Unrequited Love

I could hear the heavy thuds from the far corner of the house, but it was the slow shuffle of feet against the kitchen floor that peaked my interest. I stretched out my arms, wiped the sleep sitting in the corner of my right eye and yawned. I didn’t smell anything yet, but I knew there was something magical about to happen. I rolled out of my bed and fell against the floor board. I inhaled the sweet scent of an old stale raisin hiding behind my bed post, but still fresh enough that it would make a fine treat. I waddled over towards the entrance to the kitchen, and a waft of woody smoke and hickory greeted my nose. I loved the warmth of the kitchen stove, and that my bedroom was nearby. I made my way to a familiar post near a shiny copper pot so that I could take in the whole affair.

My large fat bottom reflected from the copper pot, and I was reminded of how fortuitous it was that I had happened to have been dropped off here. Even more so, when I considered that the old lady didn’t seem to mind that I stayed. I sometimes wonder if I had died, and this was heaven. If only that were the truth. I heard the large dollop of butter sizzle as it hit the hot cast iron pan. Next was a finely chopped onion, and the smell was divine. I closed my eyes, so that I could breathe in all that goodness. Next was some garlic and a hint of lemongrass. I knew I could live out my days as the bottom of that pot. All that love, just sitting in there and messing with my right mind. There went the old lady’s feet shuffling over to the fridge, and she pulled out freshly cleaned greens. I had sat and watched her gently clean each leaf the night before, and then cut them into layers. She grabbed something else as well, some type of fat and a piece of smoked wild turkey meat. I recognized that smell. Indeed, smell was my personal superpower, and truth be told that is why I’ve been able to live this long.

As fortune would have it, I didn’t wake out of my slumber peaceably as I thought. I faintly remembered the muffled dream of distressed voices, but it was the sirens that righted my mind as though someone had thrown cold water directly in my face. Startled, I ran back to the kitchen door and looked on. There were all these people, none of whom I knew and they were talking to each other and into devices next to their ear. I didn’t see the old lady. I recognized some of the old lady’s family enter the kitchen. They quickly and quietly removed the corn cakes from the oven and took the rice and the greens off the hot heat. I should have been relieved that the food was alright, but my heart was heavy with worry.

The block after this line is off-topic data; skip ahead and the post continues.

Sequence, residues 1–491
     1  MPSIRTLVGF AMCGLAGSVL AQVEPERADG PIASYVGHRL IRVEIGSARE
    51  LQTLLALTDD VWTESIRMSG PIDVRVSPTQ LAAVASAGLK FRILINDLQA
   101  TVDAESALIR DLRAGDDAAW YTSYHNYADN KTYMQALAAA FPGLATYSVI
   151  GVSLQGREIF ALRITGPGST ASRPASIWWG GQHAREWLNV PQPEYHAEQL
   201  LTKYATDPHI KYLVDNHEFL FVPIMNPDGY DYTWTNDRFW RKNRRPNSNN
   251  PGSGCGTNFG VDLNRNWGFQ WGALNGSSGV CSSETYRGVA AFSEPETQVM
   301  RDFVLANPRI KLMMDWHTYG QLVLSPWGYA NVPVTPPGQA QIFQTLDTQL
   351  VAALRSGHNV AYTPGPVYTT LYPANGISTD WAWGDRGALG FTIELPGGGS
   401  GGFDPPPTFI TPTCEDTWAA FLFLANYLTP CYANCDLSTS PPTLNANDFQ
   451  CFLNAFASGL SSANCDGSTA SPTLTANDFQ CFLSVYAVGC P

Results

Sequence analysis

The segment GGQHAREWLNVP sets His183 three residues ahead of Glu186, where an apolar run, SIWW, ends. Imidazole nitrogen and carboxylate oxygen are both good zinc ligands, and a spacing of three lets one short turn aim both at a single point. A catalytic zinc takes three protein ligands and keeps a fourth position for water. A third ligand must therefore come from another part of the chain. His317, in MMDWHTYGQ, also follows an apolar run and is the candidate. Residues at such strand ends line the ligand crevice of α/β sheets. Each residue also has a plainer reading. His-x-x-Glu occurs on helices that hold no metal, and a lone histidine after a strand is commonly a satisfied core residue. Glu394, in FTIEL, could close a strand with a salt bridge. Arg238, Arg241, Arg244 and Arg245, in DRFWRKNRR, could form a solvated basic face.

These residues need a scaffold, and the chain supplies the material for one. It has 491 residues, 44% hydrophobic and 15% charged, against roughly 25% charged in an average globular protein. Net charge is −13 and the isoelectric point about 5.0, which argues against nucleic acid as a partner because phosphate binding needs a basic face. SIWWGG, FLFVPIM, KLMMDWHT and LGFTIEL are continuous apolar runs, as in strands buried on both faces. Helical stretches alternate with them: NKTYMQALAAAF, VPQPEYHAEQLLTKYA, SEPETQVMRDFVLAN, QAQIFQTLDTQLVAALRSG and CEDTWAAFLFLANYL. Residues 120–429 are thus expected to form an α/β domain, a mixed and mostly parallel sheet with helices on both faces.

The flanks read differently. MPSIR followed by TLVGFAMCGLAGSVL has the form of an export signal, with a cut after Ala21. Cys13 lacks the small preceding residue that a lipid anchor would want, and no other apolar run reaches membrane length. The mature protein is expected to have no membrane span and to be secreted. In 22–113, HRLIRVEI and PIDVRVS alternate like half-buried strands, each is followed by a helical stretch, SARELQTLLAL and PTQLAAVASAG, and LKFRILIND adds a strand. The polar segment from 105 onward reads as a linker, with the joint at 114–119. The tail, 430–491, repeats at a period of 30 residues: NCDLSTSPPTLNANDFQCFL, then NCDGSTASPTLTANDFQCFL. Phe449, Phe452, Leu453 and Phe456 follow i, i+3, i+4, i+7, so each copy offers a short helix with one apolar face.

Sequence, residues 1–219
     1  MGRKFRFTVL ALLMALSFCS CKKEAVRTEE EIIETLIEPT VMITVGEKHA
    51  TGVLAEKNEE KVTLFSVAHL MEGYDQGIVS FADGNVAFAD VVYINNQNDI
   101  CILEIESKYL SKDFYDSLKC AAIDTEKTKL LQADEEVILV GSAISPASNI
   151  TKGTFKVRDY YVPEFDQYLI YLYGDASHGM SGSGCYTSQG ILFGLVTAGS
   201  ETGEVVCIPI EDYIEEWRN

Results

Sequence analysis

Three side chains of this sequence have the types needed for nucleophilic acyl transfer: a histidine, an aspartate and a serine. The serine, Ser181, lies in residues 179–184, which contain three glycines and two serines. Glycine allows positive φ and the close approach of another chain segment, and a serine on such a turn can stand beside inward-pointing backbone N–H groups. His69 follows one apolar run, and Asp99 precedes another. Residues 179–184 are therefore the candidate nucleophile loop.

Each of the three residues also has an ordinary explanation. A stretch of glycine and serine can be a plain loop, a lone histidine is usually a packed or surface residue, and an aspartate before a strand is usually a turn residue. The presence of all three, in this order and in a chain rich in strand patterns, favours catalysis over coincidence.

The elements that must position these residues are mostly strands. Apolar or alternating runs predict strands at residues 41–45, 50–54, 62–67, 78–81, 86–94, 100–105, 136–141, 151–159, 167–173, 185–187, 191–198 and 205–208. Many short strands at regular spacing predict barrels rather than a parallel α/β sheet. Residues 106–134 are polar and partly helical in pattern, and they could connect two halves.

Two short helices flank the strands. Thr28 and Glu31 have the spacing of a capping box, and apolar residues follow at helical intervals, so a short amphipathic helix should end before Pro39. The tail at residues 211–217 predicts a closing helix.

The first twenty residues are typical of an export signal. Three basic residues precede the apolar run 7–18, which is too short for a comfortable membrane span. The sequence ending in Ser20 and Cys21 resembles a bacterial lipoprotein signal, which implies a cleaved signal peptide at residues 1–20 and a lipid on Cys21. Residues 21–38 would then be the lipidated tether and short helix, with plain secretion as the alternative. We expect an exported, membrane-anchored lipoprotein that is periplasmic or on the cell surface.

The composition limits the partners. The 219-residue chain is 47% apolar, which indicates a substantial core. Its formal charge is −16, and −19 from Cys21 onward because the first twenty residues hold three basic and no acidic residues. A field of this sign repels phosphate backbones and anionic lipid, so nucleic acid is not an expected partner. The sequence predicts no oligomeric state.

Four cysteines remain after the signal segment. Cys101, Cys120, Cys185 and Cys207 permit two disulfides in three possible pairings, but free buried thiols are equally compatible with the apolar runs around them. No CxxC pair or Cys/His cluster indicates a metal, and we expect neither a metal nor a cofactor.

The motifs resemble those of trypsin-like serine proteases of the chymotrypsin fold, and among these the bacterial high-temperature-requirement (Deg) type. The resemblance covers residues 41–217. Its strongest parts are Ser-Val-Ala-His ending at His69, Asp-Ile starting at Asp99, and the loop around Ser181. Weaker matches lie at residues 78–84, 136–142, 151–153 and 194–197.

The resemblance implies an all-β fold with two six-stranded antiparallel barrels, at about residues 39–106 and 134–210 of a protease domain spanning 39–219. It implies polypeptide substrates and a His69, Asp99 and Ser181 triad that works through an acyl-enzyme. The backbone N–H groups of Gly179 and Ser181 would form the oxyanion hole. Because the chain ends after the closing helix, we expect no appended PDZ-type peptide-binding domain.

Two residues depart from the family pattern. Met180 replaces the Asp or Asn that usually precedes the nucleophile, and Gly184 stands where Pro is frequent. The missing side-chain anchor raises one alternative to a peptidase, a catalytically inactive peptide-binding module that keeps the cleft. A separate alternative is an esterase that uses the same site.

I decided to make my way to the old lady’s bedroom to investigate, but also secretly wishing I would find her there. I peeked inside. It was quiet. I didn’t hear anything, and more importantly I didn’t smell her, that familiar scent of sarsaparilla, juniper and mint. I made my way to the outside of the home. There I found even more people gathered and animated. I felt faint, as I saw a stretcher lifted into an ambulance. There she was. I didn’t move. I stayed there, until all had left, except a few of her grandchildren. I slowly made my way back to the kitchen, and my insides hurt in some new and unknown way.

Mama said the doctors said it was her heart.
-Well we all knew that, but I kept telling her that people don’t use fatback no more.
-Well you ate it didn’t you?
-We all did… Gram-maw new she could cook though.
-Sure did.
-I’m sorry.
-I’m worried too.
-She is a tough one… she’ll be alright.

I caught the end of that conversation. I had hoped they would say more, but that was it. The old lady’s grandchildren were silent for the rest of the night. I went back to my bed, but couldn’t sleep. The smells of the house were delectable, but tainted by the days events. I felt useless and extra, but I finally did get to sleep just before dawn.

The next few days were quiet. Family would come by and move stuff around, but no one really said anything to let me know how the old lady was doing. Finally, one mid-morning, the door opened and no one came in. I moved to the corridor to see what was going on. There I saw the old lady standing in front of a walker.

She looked tired, but ‘I’ll be damned… the old lady was alive!” My tiny heart skipped a beat. I was so happy I started a full on run towards the old lady. I didn’t even think about what I was doing, until I heard her open her mouth and let out a little scream… ‘There it goes… go get that joker!” “I’ve been trying to catch that mouse for over a year now… “…been runn’in round here like he owns the place!” The last thing I saw was the head of a broom coming down over the top of my head.